A play-by-play review of Leslie’s wonderful prose. Or as I like to call him: Simplicio.

Many years back, a friend told me casually, “God lives by faith.”


What difference would it make? (Hang on, just hear me out here!)

Here we see an opening attempt to characterise the non-believer. He who makes little witticisms that Simplicio will now proceed to destroy for the other believers, they who already know they are right.

Although I’ve been a Christian for a long time—and brought up as one—I must admit that I have occasionally toyed with the questions


In essence, I’m asking myself: How would I know whether I’ve been taken for a ride? What would it take for me to stop believing in Jesus?

Here he begins what René Descartes did 500 years ago and enters self-doubt and casting away all pretensions of knowledge. Or maybe he doesn’t. Because he suddenly says it’s too grand a task. He can only leave it to the theologians. He will only “see” if he can do the very minor task of suspending his belief. He’s not out to convince people! He can only convince himself, which is  about as good as a reason for publishing this work I guess.

Oh, if only Rene Descartes stopped right there! “I am only a lawyer and mathematician” He would have said, “How am I qualified?” And every freshman philosophy course would have one less lecture. If only. (This post deals mainly with ifs) If only Blaise Pascal said, “Well, I’m only a gambler. Better stick to playing dice.”

Never mind, our Simplicio shall now “toy” with his questions.

First, I would have to prove that Jesus was lying.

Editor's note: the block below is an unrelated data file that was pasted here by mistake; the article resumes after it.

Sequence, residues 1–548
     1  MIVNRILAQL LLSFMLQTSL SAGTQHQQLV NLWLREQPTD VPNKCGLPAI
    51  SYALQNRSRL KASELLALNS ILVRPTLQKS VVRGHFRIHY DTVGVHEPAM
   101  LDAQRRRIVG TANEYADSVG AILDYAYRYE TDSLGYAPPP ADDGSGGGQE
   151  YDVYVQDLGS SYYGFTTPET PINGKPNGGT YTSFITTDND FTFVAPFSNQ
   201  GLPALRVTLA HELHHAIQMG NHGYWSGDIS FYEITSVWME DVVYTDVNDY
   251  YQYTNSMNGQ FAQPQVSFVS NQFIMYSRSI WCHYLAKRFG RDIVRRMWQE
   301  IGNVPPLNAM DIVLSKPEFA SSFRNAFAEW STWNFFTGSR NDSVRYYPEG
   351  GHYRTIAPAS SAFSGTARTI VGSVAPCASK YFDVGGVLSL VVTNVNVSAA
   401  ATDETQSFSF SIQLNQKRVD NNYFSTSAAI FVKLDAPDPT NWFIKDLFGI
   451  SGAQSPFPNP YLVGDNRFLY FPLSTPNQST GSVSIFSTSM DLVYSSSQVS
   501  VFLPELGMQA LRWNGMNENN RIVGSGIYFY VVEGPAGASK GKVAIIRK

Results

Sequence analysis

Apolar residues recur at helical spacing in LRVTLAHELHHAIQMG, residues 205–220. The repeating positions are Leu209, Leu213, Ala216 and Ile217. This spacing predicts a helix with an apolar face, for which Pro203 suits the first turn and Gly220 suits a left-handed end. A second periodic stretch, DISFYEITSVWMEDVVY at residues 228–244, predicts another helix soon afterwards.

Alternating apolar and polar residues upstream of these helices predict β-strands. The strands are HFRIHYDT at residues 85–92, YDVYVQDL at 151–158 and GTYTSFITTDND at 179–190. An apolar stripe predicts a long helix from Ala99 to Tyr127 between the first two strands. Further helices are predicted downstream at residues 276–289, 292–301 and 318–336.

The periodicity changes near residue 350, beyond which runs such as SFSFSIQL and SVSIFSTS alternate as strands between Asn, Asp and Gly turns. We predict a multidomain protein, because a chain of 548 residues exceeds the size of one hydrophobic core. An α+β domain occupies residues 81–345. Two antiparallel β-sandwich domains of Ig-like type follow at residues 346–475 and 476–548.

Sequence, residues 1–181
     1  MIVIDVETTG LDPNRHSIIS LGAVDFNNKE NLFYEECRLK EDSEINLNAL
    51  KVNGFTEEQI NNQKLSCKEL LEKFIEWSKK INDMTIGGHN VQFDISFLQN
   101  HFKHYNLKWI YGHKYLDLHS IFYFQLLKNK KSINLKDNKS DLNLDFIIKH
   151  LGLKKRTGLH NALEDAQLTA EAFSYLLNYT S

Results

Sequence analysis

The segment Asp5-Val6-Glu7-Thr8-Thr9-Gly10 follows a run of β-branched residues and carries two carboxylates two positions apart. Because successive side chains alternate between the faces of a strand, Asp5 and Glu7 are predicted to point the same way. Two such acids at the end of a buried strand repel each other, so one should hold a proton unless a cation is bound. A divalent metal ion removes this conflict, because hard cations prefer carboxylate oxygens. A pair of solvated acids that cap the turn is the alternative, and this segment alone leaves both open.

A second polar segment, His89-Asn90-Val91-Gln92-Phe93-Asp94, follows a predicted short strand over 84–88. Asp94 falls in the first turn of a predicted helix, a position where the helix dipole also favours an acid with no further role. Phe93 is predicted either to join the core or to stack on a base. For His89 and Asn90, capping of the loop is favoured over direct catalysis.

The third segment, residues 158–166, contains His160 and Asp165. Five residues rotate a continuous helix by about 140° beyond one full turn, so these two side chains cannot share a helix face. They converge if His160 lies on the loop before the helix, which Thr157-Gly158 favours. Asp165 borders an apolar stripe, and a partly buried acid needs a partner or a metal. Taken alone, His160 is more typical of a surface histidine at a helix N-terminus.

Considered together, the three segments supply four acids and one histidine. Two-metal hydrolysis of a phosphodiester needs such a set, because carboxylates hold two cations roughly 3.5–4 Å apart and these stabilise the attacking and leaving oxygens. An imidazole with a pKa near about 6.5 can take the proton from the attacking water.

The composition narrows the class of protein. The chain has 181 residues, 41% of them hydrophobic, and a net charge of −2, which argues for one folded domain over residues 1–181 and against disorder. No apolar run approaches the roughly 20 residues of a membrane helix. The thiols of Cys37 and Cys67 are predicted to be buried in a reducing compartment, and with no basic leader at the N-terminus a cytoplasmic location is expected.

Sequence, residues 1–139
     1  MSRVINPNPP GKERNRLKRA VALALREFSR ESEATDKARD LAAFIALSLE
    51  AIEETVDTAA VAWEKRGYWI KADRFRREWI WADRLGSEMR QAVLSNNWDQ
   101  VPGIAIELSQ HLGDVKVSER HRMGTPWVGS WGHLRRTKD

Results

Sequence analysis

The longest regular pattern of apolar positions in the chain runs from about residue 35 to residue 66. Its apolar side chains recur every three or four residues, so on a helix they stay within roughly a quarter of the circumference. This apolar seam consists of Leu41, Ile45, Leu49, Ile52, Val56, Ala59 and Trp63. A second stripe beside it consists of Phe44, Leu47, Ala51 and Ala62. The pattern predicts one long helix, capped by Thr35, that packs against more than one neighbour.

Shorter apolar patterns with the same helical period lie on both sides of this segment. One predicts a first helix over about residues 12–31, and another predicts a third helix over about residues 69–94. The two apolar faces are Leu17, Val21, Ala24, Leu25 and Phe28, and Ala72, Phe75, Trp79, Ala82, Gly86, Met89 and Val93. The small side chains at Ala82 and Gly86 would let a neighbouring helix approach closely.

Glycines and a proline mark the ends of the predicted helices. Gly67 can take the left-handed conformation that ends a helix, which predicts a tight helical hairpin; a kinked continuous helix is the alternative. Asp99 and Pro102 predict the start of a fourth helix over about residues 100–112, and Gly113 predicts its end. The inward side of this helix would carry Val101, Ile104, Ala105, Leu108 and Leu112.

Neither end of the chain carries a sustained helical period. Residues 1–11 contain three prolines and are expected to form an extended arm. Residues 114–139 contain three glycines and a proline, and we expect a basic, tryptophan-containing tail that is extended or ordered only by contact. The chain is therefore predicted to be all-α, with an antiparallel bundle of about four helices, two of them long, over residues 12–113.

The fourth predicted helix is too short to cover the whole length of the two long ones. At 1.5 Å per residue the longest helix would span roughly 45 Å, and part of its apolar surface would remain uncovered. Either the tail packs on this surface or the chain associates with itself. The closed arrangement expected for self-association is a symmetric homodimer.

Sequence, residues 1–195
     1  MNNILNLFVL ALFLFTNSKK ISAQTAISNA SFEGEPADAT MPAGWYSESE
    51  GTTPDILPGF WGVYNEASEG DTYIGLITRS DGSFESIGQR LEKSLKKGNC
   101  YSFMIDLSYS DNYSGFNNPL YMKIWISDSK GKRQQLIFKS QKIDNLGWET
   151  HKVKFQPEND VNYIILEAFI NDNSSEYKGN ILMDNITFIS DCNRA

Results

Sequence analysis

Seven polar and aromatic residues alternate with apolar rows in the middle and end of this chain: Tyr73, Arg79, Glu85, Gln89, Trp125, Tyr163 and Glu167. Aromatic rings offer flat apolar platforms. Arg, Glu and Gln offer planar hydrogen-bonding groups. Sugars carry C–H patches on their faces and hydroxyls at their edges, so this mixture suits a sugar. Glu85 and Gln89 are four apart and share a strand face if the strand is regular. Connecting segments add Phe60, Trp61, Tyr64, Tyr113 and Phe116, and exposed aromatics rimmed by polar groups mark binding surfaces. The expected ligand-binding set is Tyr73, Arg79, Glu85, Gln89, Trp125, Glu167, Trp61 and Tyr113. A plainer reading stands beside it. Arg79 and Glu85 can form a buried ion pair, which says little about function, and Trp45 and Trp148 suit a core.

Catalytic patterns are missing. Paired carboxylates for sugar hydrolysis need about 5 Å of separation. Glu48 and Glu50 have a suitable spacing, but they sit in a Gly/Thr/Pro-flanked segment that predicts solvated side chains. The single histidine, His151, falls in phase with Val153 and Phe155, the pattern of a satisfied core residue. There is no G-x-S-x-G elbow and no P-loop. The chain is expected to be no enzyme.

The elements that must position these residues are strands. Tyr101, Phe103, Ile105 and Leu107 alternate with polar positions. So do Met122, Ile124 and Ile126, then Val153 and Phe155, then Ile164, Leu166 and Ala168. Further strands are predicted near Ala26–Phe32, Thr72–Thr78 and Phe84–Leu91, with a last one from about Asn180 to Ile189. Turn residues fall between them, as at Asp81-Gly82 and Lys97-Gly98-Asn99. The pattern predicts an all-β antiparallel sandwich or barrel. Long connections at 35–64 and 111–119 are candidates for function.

Ah, the age old argument “Well Jesus must be telling the truth or else he would be mad or a liar!” repackaged only as a journalist can. A false dichotomy (trichotomy?) if there ever was one.

Many people throughout history have made claims of being a Messiah. But of course, there’s no way to validate the claim until the end times come. It could very well be that the Prophet Muhammad delivers us into heaven, inshallah. A popularity contest doesn’t determine who’s right or wrong.

Yet if our Simplicio could doubt his beliefs, he certainly can’t doubt all the beliefs of people who lived 2000 years ago. The appeal to ancient authority favored by fundamentalists. The ancient authority were of course the people who believed among other things, giants lived on earth and that  Jacob fought with God.

Our Simplicio makes no effort to answers the many questions he raises but only hopes that their sheer number might make up for an argument. It could be that so many people were indeed misled. Our Simplicio knows he must find an explanation and ask the relevant questions which would take him down the dark path of Biblical History, Psychology and Sociology. But as he has mentioned these are all questions too big for him, he must relegate them to the relevant authorities, leaving the audience baffled as to why he had to raise these questions in the first place. The appeal to ignorance and incredulity is strong in this one.

Second, I would have to prove that the Bible is untrue.